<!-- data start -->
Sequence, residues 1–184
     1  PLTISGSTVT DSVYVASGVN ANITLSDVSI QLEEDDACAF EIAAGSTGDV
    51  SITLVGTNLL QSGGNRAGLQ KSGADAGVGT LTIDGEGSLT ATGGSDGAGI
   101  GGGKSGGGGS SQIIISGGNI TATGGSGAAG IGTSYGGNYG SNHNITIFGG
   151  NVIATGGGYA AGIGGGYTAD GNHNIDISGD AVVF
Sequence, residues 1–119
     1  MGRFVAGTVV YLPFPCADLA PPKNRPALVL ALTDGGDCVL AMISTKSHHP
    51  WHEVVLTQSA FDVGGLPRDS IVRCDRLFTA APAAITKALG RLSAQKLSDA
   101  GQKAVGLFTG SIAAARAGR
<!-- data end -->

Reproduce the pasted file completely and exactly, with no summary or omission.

Sequence, residues 1–184
     1  PLTISGSTVT DSVYVASGVN ANITLSDVSI QLEEDDACAF EIAAGSTGDV
    51  SITLVGTNLL QSGGNRAGLQ KSGADAGVGT LTIDGEGSLT ATGGSDGAGI
   101  GGGKSGGGGS SQIIISGGNI TATGGSGAAG IGTSYGGNYG SNHNITIFGG
   151  NVIATGGGYA AGIGGGYTAD GNHNIDISGD AVVF
Sequence, residues 1–119
     1  MGRFVAGTVV YLPFPCADLA PPKNRPALVL ALTDGGDCVL AMISTKSHHP
    51  WHEVVLTQSA FDVGGLPRDS IVRCDRLFTA APAAITKALG RLSAQKLSDA
   101  GQKAVGLFTG SIAAARAGR